New Drivers of Migration

Framing a new paradigm: Central America-Mexico-U.S. migration in a context of violence and exclusion 


Beginning in the 1980s, the discussion of unauthorized migration centered on economic development policies, labor market needs, and the struggle for economic survival. Now those old paradigms are being superceded by a new reality. Much migration in the North American Corridor is now due to flight from violent criminal organizations operating within weakened or corrupt state structures. When persons fleeing violence attempt to cross borders to find safety, they are met by exclusionary attitudes within the U.S. and Mexican governments, despite optimism that Mexico may change its current policies regarding Central American migrants and asylum seekers. Activists and academics who work on migration and the rights of migrants and asylum seekers need a new vocabulary to describe the current reality. The Pozen Center has dedicated resources to support the beginnings of a cross-sectoral, cross-border, interdisciplinary discussion on the model of the 2003-2005 Activists Roundtable on Migration, Human Rights, and Development. 

Research Questions

What are the major factors governing unauthorized migration in the so-called “North American Corridor”?  And how have those factors changed in the past decade?  Criminal cartels have territorial control in many areas of Mexico and Central America.  Their threats and violence against local authorities and ordinary citizens are a primary driver of unauthorized migration in the region.  How does this situation require adaptation of advocates’ proposals for social policies which would enable potential migrants to stay home (“the right to not migrate”)?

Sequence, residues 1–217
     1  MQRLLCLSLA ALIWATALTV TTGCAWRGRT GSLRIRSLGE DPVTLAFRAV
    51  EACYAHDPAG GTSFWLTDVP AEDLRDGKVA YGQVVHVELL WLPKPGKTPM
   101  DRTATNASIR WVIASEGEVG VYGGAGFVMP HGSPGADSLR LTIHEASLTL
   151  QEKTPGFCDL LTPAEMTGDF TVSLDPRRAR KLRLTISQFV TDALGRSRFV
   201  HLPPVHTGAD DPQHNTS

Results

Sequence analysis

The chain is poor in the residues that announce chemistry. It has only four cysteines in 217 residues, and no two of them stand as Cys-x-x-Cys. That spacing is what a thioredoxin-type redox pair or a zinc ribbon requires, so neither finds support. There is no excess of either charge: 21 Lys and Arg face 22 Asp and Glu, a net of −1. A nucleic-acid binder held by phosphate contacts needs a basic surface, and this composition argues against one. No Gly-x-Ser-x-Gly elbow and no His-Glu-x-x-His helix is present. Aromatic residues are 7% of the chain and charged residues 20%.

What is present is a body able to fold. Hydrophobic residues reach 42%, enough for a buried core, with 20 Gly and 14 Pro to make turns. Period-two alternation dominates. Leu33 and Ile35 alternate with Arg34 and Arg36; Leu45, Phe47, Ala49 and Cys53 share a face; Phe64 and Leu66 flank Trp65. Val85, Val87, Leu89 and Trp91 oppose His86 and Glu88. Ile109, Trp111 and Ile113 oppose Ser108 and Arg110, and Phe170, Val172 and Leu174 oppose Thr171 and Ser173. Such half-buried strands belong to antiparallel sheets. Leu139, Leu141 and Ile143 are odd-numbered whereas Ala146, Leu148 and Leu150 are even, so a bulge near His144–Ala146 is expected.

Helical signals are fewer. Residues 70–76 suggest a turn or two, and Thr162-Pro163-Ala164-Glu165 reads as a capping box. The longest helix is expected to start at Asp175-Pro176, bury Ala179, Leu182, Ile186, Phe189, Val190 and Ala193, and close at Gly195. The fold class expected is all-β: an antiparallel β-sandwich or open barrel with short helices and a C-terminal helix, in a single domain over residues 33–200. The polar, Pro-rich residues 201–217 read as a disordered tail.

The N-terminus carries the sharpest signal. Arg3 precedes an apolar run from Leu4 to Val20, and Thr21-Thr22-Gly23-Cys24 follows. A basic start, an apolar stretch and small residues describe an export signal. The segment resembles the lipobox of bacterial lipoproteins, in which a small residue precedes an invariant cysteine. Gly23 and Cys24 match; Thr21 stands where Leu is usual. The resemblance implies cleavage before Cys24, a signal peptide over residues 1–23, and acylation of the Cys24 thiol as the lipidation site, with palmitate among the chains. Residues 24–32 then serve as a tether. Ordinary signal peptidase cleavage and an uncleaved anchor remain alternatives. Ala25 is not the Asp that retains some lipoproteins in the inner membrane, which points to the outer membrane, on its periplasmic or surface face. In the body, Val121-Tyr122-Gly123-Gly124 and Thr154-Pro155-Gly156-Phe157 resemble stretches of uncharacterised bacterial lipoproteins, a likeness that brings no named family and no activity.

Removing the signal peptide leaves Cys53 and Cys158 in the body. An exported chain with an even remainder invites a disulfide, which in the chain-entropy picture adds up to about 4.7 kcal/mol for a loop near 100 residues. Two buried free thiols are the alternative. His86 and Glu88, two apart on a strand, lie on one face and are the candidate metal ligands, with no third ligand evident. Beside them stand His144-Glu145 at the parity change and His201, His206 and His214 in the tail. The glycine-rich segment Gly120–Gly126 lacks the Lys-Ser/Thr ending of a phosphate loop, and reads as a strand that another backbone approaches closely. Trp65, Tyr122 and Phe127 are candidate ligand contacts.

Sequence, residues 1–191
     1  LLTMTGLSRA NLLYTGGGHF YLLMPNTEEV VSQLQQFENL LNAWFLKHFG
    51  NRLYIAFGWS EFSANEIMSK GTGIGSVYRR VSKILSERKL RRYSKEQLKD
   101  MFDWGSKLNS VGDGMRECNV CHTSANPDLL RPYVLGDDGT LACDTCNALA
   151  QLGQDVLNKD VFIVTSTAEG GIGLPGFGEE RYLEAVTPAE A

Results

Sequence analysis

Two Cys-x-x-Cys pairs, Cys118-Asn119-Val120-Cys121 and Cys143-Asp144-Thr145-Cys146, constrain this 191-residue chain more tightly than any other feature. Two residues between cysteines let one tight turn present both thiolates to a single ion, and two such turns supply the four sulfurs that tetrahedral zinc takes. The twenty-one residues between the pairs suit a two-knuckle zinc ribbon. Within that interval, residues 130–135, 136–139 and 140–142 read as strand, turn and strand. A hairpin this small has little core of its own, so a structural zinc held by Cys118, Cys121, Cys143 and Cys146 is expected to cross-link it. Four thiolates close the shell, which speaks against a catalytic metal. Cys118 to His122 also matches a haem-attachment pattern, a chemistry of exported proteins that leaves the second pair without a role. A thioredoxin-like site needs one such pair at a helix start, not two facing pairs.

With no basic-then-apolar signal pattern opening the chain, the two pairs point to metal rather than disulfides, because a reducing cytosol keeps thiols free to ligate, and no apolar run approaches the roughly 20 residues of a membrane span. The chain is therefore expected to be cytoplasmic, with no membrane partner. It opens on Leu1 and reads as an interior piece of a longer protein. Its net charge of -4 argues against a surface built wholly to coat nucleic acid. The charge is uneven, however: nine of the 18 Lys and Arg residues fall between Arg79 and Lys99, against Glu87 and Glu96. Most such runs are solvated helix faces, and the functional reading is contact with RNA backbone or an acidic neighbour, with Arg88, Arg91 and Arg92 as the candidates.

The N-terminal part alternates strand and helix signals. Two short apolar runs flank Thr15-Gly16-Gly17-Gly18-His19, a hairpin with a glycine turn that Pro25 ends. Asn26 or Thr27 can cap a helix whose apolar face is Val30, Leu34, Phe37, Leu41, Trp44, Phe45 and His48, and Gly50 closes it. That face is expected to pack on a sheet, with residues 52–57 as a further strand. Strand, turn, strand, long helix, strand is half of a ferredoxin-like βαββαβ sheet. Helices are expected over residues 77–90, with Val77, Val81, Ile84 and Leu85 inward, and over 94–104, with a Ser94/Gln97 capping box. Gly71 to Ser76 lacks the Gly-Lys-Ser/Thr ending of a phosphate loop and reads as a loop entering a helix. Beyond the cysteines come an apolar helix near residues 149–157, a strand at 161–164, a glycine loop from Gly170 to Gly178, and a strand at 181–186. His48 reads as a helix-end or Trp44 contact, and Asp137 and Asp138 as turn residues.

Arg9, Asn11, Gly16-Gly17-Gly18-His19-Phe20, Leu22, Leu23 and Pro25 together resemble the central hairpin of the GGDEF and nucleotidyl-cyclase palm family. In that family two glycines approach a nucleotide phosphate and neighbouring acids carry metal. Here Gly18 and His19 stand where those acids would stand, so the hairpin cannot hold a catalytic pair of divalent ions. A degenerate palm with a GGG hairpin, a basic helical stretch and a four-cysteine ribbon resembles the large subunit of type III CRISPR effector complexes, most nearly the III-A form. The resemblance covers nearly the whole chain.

The restoration of the protection of human rights, the rule of law, and economic & personal security in this region is a long-term project. Unauthorized migration/ forced migration is likely to continue for the foreseeable future, despite some analysts’ findings of “zero net migration” from Mexico to the U.S. Therefore, advocates need to propose a counter-narrative to the exclusionist and racist immigration policies gaining ground in the U.S.  How do global exclusionist trends against unauthorized migration impact our region?  Does the U.N. process towards a Global Compact on Migration support such a counter-narrative? 

Our promotion of small-scale entrepreneurship to replace agriculture employment and our support for living wages in tourism and in industries promoted by foreign-direct investments are relevant. However those solutions are only a partial panacea for undocumented emigration. At this moment, we need to admit that violence is the key driver of migration in the region. What ought to be our research agendas? What does the transnational NGO/ civil society community which advocates for the human rights of migrants in the North American corridor need in terms of research to support their work? Will it be possible to influence some policy-makers in the U.S. (likely at the local or state level) or with the new government in Mexico? 

Participating Faculty

University of Chicago: Susan Gzesh (The College), Angela Garcia (SSA), Yanilda González (SSA), Emilio Kouri (History), and Ben Lessing (Political Science); 

University of Illinois-Chicago: Andreas Feldmann (Political Science, Latin American & Latino Studies), Xochitl Bada (Sociology and LALS), and Helena Olea (Criminal Justice and LALS);

Colegio de Mexico: Silvia Giorgiuli, President/Demographer

Universidad de Guadalajara: Jorge Durand, Anthropology